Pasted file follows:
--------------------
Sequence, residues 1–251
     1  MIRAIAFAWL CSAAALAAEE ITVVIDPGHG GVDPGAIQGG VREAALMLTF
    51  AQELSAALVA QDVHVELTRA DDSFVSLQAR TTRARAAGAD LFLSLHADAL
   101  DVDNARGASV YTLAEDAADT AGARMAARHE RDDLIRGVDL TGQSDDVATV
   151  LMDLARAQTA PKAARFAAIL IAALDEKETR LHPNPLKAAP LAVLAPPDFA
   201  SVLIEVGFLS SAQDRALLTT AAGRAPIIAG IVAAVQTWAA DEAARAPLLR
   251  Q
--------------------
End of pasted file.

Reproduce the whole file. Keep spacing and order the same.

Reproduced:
Sequence, residues 1–251
     1  MIRAIAFAWL CSAAALAAEE ITVVIDPGHG GVDPGAIQGG VREAALMLTF
    51  AQELSAALVA QDVHVELTRA DDSFVSLQAR TTRARAAGAD LFLSLHADAL
   101  DVDNARGASV YTLAEDAADT AGARMAARHE RDDLIRGVDL TGQSDDVATV
   151  LMDLARAQTA PKAARFAAIL IAALDEKETR LHPNPLKAAP LAVLAPPDFA
   201  SVLIEVGFLS SAQDRALLTT AAGRAPIIAG IVAAVQTWAA DEAARAPLLR
   251  Q